Should Your Literary Agent Make You Cry?
1 May 2008
Together with her husband Bill Martin, Beverly Swerling Martin, runs Agent Research & Evaluation, Inc. (www.agentresearch.com) a service that helps writers locate the agents most likely to be a good 'fit' She explains the importance of taking time to research the right agent. Her next book, City of God will be out in November from Simon & Schuster.
Some years ago I was with my second agent. Unlike the first, he had sold four of my historical novels, but every time we spoke I wound up fighting off tears of anger and frustration. He just did not seem to understand who I was as a writer or where I wanted to go. "I can make you cry for free," my husband said. "Why pay someone ten percent of your income to do it?" (I did say this was some years ago.)
I told him he had no idea what was involved, that as a writer I had to have an agent, that they were very hard to get, and that writers were at the end of the information chain in publishing. Even if I found someone new, what reason was there to think he or she would be an improvement on the first two?
"I’ll do some checking," Bill said.
He did, and the result changed our lives.
First, after some weeks of digging through newspapers and trade journals Bill presented me with dossiers on seven agents he believed were particularly effective. He had hard facts and figures about their deals, what they sold to whom, and in many cases even the amount of the advance. It was eye-opening stuff.
Cutting to the chase, all but one of the agents offered me representation and I chose Henry Morrison—gulping at being told he was charging 15% commission, one of the first in New York to do so back then in the 80s. Henry is my agent to this day, and I’ve lost count of the many books we’ve done together. What matters to this story is that the very first sale he made for me was to the same publisher who had been buying my earlier books as paperback originals and paying a $25,000 advance for each one—under the old dispensation that had seemed set in stone. Henry got six times that amount by going to the top person at the house, saying she could have my next book only if there was a commitment to doing it in hard cover, and that the negotiations had to open at a minimum six figures. As if that were not enough, within a week his office made the first of a dozen translation rights deals.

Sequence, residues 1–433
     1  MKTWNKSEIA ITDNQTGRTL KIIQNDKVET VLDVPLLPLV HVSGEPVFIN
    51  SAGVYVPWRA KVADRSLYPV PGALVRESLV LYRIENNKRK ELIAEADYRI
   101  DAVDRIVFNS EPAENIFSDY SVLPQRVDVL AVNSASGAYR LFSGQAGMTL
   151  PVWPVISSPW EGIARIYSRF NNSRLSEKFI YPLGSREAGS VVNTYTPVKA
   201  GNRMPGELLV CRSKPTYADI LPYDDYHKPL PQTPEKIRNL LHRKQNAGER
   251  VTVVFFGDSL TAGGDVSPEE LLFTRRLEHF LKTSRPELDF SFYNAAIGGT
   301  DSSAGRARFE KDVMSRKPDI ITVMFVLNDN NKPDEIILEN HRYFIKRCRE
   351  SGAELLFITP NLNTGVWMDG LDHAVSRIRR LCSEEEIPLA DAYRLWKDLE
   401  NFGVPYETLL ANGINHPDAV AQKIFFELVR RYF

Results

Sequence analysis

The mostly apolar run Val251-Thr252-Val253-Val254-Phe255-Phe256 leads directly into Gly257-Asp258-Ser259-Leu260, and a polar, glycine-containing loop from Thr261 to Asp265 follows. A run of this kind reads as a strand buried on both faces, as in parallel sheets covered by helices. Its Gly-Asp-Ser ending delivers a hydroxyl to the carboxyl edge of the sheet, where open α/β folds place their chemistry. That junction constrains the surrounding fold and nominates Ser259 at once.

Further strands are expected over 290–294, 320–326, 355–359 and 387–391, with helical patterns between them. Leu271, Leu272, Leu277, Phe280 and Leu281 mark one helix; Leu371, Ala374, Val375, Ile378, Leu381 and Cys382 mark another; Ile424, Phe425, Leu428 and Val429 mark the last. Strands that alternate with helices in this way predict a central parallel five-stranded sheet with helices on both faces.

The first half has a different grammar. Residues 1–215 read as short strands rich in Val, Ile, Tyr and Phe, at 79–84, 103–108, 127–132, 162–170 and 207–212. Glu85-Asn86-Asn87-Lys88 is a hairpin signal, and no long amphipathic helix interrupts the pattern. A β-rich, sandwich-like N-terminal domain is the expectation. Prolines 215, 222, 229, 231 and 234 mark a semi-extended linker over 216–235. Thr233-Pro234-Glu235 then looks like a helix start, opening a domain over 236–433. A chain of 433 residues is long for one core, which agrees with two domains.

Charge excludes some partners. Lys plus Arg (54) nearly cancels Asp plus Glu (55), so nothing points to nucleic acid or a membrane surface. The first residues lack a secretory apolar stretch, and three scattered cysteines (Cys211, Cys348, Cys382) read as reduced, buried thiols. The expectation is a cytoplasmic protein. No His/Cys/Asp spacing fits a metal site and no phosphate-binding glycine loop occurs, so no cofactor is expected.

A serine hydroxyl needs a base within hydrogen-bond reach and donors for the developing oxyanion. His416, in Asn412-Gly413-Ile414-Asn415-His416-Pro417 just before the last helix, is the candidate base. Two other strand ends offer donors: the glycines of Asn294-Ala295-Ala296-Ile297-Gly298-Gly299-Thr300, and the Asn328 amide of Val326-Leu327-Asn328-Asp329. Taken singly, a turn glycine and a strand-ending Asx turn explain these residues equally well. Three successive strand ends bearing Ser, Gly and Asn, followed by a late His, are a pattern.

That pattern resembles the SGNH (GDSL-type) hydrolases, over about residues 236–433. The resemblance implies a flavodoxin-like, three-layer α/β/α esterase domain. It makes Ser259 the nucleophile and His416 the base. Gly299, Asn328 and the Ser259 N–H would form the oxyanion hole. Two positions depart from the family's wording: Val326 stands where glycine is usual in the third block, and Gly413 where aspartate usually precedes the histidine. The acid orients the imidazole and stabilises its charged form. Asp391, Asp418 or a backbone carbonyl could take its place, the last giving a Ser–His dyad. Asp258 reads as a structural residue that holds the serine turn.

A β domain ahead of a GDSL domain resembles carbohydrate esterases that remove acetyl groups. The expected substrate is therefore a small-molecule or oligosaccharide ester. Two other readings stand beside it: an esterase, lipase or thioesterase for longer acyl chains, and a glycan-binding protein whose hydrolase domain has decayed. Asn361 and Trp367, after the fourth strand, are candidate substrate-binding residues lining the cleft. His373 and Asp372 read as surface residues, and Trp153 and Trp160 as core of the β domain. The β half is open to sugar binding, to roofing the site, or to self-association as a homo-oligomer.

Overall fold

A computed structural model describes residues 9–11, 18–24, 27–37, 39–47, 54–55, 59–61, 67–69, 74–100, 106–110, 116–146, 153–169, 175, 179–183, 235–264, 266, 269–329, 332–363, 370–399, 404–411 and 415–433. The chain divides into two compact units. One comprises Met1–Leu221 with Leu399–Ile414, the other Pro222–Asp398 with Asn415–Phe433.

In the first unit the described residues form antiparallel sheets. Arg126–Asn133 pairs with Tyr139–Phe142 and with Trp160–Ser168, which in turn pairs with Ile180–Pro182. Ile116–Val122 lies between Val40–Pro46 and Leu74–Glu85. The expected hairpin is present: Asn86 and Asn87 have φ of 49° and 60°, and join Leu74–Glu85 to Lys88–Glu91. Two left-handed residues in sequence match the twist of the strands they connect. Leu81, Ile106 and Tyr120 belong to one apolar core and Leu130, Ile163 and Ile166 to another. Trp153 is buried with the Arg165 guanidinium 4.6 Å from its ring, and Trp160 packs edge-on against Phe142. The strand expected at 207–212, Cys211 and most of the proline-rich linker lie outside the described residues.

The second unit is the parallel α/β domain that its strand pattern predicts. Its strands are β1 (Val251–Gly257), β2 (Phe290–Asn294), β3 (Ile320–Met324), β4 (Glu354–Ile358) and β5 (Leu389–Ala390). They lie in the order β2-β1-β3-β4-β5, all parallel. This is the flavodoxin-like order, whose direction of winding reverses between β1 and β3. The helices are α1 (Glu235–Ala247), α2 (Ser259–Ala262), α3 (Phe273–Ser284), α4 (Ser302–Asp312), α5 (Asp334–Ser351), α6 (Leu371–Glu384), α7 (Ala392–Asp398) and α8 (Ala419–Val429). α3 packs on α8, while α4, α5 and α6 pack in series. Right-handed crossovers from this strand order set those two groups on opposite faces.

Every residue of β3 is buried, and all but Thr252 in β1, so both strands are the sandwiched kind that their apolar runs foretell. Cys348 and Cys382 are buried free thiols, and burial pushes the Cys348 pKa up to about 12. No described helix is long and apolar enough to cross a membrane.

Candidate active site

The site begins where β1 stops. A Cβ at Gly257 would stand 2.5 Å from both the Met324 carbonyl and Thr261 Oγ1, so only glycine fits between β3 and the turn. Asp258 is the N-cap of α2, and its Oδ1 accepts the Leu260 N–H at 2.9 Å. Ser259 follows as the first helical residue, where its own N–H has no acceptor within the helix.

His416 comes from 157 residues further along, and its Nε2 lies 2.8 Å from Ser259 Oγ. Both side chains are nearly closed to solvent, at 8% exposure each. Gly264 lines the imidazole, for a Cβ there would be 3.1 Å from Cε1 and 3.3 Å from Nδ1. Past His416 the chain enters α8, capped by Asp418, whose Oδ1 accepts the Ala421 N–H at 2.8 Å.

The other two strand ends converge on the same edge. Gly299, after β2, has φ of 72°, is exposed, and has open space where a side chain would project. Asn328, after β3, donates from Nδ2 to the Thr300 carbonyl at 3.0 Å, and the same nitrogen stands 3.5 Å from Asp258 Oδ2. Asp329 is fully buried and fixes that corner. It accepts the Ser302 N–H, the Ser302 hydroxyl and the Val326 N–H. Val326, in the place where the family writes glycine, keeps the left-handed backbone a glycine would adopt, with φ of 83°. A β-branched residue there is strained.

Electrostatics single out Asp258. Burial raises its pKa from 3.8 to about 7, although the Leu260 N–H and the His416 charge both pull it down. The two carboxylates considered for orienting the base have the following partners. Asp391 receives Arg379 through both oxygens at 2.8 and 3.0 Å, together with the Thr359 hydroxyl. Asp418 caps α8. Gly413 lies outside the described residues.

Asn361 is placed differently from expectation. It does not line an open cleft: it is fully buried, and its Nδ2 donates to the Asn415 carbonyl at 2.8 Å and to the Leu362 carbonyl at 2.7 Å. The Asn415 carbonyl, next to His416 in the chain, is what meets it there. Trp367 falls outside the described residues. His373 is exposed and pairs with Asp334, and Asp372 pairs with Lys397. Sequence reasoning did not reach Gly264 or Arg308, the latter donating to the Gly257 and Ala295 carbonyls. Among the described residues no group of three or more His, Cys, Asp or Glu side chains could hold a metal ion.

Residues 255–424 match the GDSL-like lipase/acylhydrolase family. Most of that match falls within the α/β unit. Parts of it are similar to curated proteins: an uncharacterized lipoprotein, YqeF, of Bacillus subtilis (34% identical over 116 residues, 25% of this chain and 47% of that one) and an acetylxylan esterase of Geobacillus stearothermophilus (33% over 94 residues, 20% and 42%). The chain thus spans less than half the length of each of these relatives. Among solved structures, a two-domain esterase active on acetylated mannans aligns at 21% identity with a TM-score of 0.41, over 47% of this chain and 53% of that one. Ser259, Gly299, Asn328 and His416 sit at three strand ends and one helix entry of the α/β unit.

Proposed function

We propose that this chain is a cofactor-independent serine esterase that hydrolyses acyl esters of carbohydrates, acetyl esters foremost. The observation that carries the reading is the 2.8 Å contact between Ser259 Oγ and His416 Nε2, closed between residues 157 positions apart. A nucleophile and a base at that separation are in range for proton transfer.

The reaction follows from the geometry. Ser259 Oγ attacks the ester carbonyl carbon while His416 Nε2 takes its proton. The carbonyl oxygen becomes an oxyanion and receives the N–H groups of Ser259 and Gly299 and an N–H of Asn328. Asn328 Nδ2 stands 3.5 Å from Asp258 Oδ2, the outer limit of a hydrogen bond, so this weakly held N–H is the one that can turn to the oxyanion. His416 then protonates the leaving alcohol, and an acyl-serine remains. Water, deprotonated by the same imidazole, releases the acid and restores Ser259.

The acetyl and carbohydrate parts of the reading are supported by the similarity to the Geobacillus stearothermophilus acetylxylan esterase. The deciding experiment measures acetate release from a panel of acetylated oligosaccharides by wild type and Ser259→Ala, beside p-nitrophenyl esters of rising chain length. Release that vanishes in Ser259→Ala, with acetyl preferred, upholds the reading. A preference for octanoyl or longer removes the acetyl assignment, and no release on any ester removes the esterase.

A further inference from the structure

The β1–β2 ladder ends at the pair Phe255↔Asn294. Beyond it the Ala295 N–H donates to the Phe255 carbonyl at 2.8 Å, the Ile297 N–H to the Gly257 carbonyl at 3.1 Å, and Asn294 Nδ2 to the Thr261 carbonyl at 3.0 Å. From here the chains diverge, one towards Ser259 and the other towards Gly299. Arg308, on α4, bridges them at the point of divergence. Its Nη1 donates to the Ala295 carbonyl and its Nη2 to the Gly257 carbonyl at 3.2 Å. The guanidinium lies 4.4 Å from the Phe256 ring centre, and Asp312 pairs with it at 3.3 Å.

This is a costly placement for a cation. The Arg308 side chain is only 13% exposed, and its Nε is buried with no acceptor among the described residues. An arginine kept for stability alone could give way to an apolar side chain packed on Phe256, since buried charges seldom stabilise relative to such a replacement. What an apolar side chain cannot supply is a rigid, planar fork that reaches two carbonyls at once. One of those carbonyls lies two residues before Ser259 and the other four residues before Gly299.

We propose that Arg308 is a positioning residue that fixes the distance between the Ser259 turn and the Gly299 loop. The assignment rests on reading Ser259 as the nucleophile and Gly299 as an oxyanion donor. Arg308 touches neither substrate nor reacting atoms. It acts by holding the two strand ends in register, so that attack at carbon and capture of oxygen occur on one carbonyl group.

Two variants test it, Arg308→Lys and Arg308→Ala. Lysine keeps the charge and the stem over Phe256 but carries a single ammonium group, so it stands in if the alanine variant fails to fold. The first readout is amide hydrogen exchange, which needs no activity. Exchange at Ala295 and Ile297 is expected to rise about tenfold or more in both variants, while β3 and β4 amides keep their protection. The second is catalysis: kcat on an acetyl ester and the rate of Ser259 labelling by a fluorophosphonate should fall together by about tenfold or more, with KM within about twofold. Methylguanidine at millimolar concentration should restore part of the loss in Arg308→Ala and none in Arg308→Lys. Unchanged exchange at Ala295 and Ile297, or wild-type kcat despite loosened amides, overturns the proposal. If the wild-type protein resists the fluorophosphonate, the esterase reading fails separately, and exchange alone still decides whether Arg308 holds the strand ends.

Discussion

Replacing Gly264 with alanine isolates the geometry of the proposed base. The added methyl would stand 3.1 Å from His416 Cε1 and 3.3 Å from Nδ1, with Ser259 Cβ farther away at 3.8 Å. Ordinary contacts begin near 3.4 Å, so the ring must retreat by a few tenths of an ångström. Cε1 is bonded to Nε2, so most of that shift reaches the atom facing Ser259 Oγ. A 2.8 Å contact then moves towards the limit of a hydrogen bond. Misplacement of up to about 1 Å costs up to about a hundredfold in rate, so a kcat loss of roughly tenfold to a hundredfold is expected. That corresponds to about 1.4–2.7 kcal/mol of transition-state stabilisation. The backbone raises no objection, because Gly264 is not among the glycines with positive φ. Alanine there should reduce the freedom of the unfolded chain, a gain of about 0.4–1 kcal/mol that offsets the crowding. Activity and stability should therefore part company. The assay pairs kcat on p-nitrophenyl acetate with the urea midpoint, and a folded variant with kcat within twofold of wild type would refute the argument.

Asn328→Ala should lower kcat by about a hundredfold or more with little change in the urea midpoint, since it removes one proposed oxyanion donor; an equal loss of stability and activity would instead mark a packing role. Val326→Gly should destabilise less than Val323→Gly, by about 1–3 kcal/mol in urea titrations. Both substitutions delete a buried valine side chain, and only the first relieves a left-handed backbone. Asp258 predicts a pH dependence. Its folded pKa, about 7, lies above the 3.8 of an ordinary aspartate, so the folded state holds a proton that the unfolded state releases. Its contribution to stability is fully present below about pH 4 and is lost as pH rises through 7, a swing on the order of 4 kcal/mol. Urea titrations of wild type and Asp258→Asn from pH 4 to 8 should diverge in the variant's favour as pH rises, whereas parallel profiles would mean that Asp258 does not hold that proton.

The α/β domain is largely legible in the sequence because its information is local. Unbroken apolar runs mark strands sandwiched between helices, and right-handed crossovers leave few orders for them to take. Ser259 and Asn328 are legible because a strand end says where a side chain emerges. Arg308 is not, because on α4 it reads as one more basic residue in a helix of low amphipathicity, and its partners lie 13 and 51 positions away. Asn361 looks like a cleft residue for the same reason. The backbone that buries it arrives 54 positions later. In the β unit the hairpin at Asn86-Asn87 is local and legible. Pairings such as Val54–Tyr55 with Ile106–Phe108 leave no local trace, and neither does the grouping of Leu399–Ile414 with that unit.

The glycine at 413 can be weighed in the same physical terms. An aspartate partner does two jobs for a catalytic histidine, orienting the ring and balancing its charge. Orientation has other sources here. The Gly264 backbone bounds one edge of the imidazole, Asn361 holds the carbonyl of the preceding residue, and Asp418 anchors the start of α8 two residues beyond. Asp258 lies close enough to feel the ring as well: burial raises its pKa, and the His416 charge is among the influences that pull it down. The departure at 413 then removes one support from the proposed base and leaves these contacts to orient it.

Wow! So it’s not just having an agent that matters, it’s having the right agent.
In 1996 Bill parlayed that insight into a business called Agent Research & Evaluation. By then he had information on virtually every agent in the US, the UK and Canada; floods of stuff, all hard facts from reliable sources. We writers were no longer no longer required to put our careers in the hands of people about whom the only thing we could say was that they told great stories over lunch.
Incidentally, back then agents fought against saying who they represented or what books they had sold. Andrew Lownie, however, was among the first to understand what Bill was doing. He never found the idea of information about himself and his authors threatening, and even in those pretty much pre-Internet days, Andrew recognized that it was in everyone’s best interest to be forthright.
Next the worldwide web took off and changed all our lives as profoundly as had the electric light bulb or the combustion engine. AR&E had one of the first e-commerce web sites, and a short time later was able to take credit card payments over the net.
Soon the dramatic growth of the web meant we were no longer the only place writers could go for data. Agents began putting up their own sites (not all as informative as this one, but a huge advance on the silence that preceded them), and there were writers‛ watchdog sites, online writing communities, and even a site such as Publishers‛ Marketplace where many agents submit details about their deals.
But the proliferation of data, we learned, did not always mean more useful information. For some years we’d been offering what we call the Customized Fingerprint alongside our individual reports on agents; now it has become our most popular service. Thanks to the combination of my author’s viewpoint and Bill’s research, we can provide a highly nuanced match-up between the writer’s voice and style, and seven or eight of the agents most likely to ‛get‛ what the writer is doing. Whether that writer is looking for a first agent or a fourth, after some back and forth e-mailing we’re able to say that of all the many possibilities out there, here’s who you should approach—and maybe why you want to avoid X and Y—and here’s how to do it.
We’re definitely not a silver bullet, but we’ve had a lot of success. That’s hugely gratifying, never more so than when a writer reports one of those same aha! moments I had all those years ago. Your agent should not make you want to cry, and having the right one is absolutely critical to your economic and artistic success.